“Waterfalls and Wonder in Grand Portage!”
Torrents of wild water plummet 120 feet over the High Falls down to the Pigeon River in this park on the U.S. - Canadian border. The falls, the highest in the state, presented a serious obstacle to river travel, so a "carrying place," or portage, was necessary. American Indians created the ancient nine-mile trail from Lake Superior to bypass the falls. This trail became known as "The Grand Portage." Today, visitors of all abilities can take a one-half mile trail and boardwalk to the falls overlook area. The park is designed for day use only and contains mixed hardwood-conifer forests and hiking trails along the banks of the Pigeon River. The spectacular scenery sets the stage for recreational opportunities that include hiking, photography, and picnicking. The park lies within the Grand Portage Indian Reservation and is bordered by Canada on the north and east. Lake Superior is about one mile east of the park.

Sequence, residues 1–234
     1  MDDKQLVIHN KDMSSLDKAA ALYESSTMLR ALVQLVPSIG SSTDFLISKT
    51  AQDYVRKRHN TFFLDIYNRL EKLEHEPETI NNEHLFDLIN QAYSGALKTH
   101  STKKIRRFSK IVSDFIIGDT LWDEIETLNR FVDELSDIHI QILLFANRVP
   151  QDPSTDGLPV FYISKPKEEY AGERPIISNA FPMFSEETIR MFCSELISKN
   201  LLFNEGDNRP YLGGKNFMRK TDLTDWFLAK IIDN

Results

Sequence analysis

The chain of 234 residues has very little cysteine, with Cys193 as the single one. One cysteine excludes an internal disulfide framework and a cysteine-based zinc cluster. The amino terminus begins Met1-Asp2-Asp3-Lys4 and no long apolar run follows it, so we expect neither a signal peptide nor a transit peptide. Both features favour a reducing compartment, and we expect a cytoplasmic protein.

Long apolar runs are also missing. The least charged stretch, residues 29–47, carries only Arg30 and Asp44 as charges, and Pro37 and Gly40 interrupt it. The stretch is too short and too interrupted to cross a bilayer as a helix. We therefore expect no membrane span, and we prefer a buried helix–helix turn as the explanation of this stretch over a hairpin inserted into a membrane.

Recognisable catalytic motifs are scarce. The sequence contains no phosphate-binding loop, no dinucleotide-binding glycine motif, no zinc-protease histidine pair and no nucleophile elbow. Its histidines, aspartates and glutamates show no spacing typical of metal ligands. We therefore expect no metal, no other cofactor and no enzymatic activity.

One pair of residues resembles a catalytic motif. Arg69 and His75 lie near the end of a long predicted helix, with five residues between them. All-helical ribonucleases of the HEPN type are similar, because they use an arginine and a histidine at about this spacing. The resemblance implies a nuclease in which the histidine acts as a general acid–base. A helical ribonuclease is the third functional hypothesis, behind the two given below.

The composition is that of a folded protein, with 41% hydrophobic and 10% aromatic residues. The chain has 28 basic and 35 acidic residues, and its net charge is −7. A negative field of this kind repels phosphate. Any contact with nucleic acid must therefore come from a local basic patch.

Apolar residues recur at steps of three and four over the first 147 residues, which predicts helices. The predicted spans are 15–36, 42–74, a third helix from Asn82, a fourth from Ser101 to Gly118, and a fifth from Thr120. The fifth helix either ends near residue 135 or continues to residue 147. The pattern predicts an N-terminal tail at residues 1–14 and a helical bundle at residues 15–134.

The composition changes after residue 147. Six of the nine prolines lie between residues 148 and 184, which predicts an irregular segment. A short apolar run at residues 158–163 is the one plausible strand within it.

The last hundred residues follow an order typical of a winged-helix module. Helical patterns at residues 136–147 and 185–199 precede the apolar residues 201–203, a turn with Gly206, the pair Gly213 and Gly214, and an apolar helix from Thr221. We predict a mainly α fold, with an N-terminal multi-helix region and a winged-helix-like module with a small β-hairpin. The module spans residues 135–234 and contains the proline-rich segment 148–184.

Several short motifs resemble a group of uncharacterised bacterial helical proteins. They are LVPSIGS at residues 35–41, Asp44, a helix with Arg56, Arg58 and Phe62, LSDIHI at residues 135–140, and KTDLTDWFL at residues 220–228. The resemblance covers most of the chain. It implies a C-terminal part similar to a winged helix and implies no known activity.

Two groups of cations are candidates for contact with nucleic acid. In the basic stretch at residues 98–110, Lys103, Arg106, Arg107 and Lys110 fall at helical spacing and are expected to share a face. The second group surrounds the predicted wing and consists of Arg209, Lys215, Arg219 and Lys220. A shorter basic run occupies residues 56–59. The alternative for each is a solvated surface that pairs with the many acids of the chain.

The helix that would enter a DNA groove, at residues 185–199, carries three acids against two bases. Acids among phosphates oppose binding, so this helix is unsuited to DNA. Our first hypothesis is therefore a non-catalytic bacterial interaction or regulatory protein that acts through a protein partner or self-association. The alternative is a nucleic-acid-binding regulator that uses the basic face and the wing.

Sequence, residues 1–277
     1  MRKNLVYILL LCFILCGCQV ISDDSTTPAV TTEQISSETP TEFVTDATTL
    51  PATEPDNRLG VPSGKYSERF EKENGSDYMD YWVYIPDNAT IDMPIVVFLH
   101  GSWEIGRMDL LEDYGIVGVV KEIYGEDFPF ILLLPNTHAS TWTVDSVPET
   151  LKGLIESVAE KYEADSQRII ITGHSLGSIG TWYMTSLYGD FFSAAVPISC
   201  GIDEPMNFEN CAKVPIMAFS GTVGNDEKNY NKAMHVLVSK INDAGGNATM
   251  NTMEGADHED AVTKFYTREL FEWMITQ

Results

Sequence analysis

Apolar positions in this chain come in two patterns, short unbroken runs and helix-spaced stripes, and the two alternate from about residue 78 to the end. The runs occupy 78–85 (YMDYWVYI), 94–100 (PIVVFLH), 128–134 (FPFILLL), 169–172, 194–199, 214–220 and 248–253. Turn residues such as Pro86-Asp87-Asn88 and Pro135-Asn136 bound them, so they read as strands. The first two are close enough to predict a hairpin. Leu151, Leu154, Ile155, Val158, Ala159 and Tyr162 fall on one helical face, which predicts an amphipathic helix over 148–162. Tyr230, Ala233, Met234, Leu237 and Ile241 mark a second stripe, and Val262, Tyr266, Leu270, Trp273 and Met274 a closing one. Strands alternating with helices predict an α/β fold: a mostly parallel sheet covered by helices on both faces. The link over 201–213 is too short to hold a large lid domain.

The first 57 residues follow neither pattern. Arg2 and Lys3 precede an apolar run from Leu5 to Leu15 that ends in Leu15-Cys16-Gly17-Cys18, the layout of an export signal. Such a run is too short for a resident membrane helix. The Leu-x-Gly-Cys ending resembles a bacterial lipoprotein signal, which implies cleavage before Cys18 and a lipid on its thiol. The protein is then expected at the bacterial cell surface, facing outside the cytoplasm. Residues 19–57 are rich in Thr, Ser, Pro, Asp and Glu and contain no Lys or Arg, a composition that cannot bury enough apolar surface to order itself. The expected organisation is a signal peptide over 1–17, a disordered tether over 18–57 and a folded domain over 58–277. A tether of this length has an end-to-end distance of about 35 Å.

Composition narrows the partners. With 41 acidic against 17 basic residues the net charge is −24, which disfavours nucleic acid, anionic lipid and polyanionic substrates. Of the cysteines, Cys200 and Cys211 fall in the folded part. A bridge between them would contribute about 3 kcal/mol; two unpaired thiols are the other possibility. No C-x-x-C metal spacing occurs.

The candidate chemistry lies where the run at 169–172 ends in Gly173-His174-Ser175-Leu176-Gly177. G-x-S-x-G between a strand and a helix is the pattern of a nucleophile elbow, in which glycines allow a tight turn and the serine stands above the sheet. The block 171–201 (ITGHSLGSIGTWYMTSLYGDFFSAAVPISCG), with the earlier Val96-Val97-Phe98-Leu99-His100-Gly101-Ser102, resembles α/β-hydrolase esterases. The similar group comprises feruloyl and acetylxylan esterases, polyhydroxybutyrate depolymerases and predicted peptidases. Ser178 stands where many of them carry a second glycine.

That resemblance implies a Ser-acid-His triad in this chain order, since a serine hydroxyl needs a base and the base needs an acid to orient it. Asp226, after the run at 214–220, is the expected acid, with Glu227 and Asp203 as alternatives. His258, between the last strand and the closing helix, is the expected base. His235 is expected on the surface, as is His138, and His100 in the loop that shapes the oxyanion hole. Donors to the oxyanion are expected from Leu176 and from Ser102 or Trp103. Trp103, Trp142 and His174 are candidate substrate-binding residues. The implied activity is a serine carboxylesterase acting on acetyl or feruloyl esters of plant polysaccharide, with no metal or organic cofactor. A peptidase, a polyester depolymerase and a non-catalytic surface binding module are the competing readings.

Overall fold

Love the hike up to High Falls. There's a ramp that takes you up. It was icy when we visited in mid-May. We were greeted by a deer on an early Saturday morning. No one else was around. The facilities were very clean. There was a restroom midway up our hike, so I assume they have them throughout the park.
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Grand Portage State Park
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